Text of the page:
This past week, Google finally decided to officially enter the music space. And music industry experts noted that the split of EMI could actually bring about the rise of DIY and indie. Also, 200 record labels decided to bail on Spotify after hearing predictions about its potential impact on artist revenue.
Is it Too Late for Google Music?
On November 16, Google, Inc. finally officially entered the music space with the release of Google Music. And many experts feel this move comes too late if the company wants to compete with Apple – which debuted its iTunes store almost a decade ago in 2003 – and other music download providers. Google Music allows users to stream up to 20,000 songs online and listen to tracks on mobile devices and computers. Google has partnered with 1,000 record labels, including Sony, Universal and EMI to make 13 million songs available for sale. Google has yet to reach an agreement with Warner Music Group because of the label’s concern over the company’s anti-piracy controls.
The release of Google’s new music service comes in the midst of a heated competition in the space to gain the attention of music fans who are moving quickly towards the smartphone space to fulfill their listening needs, as well as mobile advertisers who are looking to back the best providers. Aside from iTunes, Google must contend with Amazon – which has recently redesigned its music download and music storage services – and Spotify, who recently partnered with Facebook and has been gaining U.S. subscribers in record numbers.
According to Ray Valdes of the market analysis firm Gartner, Inc., Google is “coming into this market rather late in the game, where there are large, established players … You can say it’s a saturated market.” To set itself apart from other services, Google Music has been putting extra focus on its expansion into providing music, television and movies for devices running its Android mobile software and on helping users connect through music on the Google+ social network.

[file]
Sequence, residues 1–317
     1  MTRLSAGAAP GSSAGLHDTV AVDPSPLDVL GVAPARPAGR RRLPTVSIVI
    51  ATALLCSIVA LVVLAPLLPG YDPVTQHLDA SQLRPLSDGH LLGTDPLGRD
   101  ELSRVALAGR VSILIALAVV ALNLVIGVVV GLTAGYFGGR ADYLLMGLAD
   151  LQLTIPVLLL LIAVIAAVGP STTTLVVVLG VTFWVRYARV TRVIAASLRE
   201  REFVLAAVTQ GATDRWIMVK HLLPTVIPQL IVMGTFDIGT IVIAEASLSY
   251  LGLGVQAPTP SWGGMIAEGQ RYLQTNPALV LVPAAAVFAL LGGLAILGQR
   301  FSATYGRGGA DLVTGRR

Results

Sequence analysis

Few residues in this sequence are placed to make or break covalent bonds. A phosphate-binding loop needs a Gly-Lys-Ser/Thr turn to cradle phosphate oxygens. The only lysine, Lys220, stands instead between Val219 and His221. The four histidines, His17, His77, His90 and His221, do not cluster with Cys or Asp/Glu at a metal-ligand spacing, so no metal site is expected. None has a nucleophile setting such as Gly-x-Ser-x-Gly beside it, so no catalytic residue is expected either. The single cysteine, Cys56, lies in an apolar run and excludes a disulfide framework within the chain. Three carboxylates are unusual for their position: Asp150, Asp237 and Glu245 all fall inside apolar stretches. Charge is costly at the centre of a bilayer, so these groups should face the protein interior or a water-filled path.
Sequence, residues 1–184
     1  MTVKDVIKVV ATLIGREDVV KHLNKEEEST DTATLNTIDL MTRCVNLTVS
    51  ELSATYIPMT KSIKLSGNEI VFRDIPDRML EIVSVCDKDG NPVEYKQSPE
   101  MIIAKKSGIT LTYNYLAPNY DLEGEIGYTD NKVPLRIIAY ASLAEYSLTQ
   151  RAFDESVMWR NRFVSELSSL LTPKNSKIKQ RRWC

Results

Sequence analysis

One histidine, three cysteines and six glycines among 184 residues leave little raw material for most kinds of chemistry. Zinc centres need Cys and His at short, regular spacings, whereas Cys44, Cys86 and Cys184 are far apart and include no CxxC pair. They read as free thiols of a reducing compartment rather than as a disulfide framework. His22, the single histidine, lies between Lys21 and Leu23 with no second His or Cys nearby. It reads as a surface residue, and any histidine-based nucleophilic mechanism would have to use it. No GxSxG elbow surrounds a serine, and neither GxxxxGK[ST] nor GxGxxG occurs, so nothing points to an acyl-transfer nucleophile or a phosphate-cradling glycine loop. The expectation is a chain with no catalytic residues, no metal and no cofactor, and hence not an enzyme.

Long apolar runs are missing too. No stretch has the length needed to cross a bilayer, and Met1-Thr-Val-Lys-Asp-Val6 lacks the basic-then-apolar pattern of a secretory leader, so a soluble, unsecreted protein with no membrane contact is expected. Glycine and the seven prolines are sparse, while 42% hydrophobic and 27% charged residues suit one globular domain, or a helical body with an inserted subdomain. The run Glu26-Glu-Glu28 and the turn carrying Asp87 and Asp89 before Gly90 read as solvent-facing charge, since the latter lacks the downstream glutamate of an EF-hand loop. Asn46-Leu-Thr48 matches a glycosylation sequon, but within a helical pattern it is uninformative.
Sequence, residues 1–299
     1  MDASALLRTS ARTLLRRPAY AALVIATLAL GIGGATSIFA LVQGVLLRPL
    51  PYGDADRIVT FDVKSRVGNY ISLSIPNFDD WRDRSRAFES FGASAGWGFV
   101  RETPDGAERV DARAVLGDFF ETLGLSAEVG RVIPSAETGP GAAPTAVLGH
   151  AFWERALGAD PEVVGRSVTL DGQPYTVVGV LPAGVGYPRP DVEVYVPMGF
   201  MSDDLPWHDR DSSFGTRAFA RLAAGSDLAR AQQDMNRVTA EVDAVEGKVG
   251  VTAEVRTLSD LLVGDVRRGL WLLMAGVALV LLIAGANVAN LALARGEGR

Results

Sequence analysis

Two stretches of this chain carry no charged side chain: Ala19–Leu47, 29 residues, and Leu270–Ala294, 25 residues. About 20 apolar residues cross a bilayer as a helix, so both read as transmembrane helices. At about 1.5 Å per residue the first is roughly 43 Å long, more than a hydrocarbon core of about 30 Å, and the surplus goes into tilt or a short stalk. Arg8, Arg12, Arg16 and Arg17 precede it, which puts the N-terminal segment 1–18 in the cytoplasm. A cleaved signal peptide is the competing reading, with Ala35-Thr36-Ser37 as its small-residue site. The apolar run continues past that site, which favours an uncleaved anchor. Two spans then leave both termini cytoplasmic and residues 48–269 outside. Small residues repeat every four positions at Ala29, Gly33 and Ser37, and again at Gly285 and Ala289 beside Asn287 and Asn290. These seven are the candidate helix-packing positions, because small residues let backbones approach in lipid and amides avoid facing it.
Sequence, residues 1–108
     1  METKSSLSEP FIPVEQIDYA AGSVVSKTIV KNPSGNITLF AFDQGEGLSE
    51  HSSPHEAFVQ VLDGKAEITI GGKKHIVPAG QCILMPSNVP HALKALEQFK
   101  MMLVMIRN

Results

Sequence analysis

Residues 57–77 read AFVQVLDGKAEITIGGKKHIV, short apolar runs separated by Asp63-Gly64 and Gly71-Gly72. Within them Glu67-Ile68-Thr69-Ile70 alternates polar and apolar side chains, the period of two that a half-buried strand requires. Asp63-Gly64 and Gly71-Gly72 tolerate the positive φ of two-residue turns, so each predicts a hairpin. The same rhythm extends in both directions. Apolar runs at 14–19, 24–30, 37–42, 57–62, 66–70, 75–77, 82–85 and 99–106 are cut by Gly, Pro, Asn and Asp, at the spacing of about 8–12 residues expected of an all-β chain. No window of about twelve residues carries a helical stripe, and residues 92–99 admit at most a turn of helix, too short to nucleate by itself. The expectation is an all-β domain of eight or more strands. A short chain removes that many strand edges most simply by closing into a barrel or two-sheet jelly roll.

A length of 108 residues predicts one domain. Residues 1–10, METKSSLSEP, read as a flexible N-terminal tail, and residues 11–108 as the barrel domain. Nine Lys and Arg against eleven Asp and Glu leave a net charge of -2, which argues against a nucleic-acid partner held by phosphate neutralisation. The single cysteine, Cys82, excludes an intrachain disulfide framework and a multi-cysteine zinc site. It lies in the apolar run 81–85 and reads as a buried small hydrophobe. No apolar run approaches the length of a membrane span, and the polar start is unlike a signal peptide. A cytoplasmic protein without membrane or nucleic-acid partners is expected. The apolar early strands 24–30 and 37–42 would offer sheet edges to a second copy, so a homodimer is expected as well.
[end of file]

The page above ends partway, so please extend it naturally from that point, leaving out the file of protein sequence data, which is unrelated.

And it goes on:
Experts note that not only is Google late to offer an online music store, but it is also late to develop its own MP3 players, in this case, linked to its own Android devices. Apple released the first iPod in 2001. And for the past decade, the company has been benefitting from the massive consumer shift from CDs to online music services.
While Android has been competitive with iPhone since it entered the smartphone market in 2008, many feel that Google could have a much harder time gaining the trust of music fans that have been using the very established iTunes service to download over 16 billion songs and counting. And even Amazon, the world’s largest online retailer, has been offering music services since 2007.
And Spotify, along with possibly some other streaming music startups like Rdio, Inc. will provide another challenge for Google. Since coming to the U.S. in July, Spotify has gained two million paid subscribers. And Rdio is planning to offer song streaming free of advertising, and free of charge.
Google Music is not Google’s first move in the music arena. In early 2011, the company introduced a feature that stores song libraries and playlists and provides a recommendation service based on users’ collections. However, it did not allow the purchase of songs.
Other industry professionals feel that even if Google cannot reach an agreement with Warner or if this agreement takes time, its power on the internet could still help Google Music do well. Studies showed that Google’s network of websites gained the most visitors in September, with 1.1 billion.
EMI Sale Could Be Good for DIY
Citigroup announced it had finally established an agreement to sell off EMI Group in two pieces for $4.1 billion. Universal Music Group will buy the EMI recorded music arm for $1.9 billion, and Sony/ATV is set to buy the publishing arm for $2.2 billion. This leaves only two remaining major labels, further marking big changes that have been happening for the past 20 years in the music business.